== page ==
For the trailing 12 months, headline CPI rose by a headline 9.1% (highest in 41 years) and core 5.9%, with the latter showing continued deceleration. Energy prices up 60% represent the most obvious catalyst, although car prices were up approximately 10% (between new and used), and shelter up 6%, also contributed at a higher-than-average rate. Rising shelter costs, as a large component of CPI, are obviously of the rising concern to economists due to their ‘stickiness’. All-in-all, the growing divergence and slowing of core inflation (at least a bit) is the positive takeaway from the report. Additionally, gasoline prices have come down since June, which also is a positive trend.

Comments from President Biden prior to the release of CPI appeared to be prepping the country for the high reading, which fueled more negativity in financial markets. Inflation and upcoming inflation expectations remain one of the most closely-watched data points of 2022. The primary question is: When is the peak? We’ve asked this so often, no doubt it’s become old. Estimates have continued to evolve, and be pushed out further into the future, but there does remain a consensus that inflation will peak in the coming months and begin to normalize by later this year and into 2023. The two assumed sources of inflation—fiscal stimulus injections driving demand and continued supply backlogs—remain the culprits. The supply element, formerly known as ‘transitory’ inflation, is still expected to improve as global manufacturing gets back on track, but is still very dependent on sensitivities in China to Covid outbreaks. For good or bad, a slowing economy otherwise produces ‘demand destruction’ that helps the supply/demand balance naturally, although that type of solution is not the one usually preferred, as it can be a rockier ride.

(+) On the positive cost side, import prices rose only 0.2% in June, well below the 0.7% increase expected, and a deceleration from the prior month. Removing the effect of higher petroleum prices, prices fell -0.4%, with declines in food and consumer goods offset by higher prices for industrial supplies and capital goods. Overall import prices remain 11% higher on a year-over-year basis, in keeping with broader inflation levels. Import prices typically represent the ‘bad’ inflation, although it could be argued that no inflation today is ‘good’ inflation—that is, the small amount (2% target) that is solely the product of stronger domestic economic growth.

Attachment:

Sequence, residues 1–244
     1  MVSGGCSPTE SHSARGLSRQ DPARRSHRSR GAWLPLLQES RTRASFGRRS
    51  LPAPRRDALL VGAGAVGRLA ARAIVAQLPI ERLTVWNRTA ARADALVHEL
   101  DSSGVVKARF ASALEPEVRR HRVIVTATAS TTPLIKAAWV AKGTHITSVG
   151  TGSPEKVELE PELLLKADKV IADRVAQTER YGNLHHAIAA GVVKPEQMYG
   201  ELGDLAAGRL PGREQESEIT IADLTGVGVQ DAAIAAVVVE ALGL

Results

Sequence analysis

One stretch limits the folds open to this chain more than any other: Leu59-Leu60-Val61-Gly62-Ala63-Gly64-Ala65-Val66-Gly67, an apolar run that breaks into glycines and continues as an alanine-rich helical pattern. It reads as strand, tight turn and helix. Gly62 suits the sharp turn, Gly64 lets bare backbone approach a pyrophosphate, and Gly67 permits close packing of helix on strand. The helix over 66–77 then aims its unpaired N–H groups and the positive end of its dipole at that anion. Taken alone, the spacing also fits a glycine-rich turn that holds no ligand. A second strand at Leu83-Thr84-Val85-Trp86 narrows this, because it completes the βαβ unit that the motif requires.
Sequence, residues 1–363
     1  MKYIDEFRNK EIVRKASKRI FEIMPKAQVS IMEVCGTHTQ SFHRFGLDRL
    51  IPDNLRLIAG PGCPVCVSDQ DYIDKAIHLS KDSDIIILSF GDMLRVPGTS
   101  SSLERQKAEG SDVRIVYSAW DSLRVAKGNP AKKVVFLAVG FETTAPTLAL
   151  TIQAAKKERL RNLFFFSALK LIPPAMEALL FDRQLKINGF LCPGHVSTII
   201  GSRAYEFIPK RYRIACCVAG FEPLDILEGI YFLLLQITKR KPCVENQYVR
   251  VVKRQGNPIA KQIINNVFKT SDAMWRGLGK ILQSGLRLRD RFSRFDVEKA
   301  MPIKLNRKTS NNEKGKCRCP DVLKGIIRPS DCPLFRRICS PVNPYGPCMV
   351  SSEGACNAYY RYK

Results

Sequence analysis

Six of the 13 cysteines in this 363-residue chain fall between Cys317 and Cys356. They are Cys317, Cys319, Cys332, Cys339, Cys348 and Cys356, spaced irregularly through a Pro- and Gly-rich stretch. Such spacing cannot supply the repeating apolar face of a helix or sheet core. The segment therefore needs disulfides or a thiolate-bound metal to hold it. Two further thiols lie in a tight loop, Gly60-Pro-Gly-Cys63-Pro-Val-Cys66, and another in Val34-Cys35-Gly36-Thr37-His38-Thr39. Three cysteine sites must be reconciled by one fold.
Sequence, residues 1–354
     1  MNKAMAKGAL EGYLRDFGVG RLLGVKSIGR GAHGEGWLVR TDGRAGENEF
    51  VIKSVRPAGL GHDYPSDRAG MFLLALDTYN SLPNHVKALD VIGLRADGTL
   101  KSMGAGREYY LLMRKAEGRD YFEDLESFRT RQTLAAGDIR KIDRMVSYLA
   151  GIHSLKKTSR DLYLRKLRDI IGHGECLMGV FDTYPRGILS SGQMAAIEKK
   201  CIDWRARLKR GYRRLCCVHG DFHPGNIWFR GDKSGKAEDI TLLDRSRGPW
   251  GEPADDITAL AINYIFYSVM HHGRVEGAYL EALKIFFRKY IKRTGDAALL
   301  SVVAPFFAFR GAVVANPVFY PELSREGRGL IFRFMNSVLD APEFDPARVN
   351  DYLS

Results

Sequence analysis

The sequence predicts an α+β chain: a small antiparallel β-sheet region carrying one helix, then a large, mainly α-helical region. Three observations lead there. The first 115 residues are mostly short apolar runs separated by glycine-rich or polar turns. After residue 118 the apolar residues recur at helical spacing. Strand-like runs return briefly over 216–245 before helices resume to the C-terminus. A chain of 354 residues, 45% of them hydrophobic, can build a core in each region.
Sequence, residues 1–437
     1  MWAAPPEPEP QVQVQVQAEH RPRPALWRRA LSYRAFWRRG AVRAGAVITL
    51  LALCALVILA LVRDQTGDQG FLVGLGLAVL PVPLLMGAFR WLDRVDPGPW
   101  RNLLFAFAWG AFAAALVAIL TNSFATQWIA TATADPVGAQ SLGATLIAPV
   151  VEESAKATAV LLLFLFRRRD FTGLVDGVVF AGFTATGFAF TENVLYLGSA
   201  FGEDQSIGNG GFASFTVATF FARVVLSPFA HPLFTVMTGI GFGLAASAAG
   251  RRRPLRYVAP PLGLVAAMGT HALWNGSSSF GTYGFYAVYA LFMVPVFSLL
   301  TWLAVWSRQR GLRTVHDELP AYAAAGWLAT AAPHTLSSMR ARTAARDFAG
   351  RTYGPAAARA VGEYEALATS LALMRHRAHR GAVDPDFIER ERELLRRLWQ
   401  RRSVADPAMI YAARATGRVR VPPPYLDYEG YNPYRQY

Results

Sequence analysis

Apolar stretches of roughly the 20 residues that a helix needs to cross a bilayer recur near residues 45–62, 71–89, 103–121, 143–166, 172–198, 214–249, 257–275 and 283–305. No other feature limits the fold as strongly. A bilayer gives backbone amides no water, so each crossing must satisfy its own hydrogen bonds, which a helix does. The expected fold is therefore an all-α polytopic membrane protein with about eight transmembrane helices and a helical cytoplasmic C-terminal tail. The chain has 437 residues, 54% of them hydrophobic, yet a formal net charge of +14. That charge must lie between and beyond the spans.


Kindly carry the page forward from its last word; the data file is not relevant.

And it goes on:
(+/0) The preliminary Univ. of Michigan index of consumer sentiment for July showed a 1.1 point increase to 51.1, beating expectations calling for no change. Assessments of current conditions rose by over 3 points, while expectations for the future fell a bit. High inflation was indicated by half of respondents as being the primary source of angst, resulting in an overall sentiment index number running about the lowest it’s been since the early 1950s. Speaking of which, inflation expectations for the coming year declined by -0.1% to 5.2%, while those for the next 5-10 years fell by -0.3% to 2.8%. The latter number has been closely watched by the Fed, and may actually help steer the probability of a hike back toward 0.75% as opposed to the 1.00% some have assumed could happen in late July. In another ‘bad news is good news’ takeaway, history has shown that extremely poor sentiment has tended to overreach, resulting in better-than-average financial market outcomes a year later and beyond, as we’ve mentioned before, although (due to the fog of poor sentiment) it can be difficult for many investors to see through to the other side.

(-/0) Initial jobless claims for the Jul. 9 ending week rose by 9k to 244k, above the 235k median forecast. Continuing claims for the Jul. 2 week, on the other hand, fell by -41k to 1.331 mil., below the 1.380 mil. consensus forecast. Initial claims rose in KY, MA, and CT, while they fell in MI, GA, and NJ. Claims have continued to stealthily move higher, in fact up over 45% from lows in March, despite remaining ‘low’ in absolute terms. This has pointed to some questions over whether the job market is starting to peak and turn over. Continuing claims are still running at low levels, in a still-declining trend.

Question of the Week: What do potential forward-looking scenarios look like in fixed income?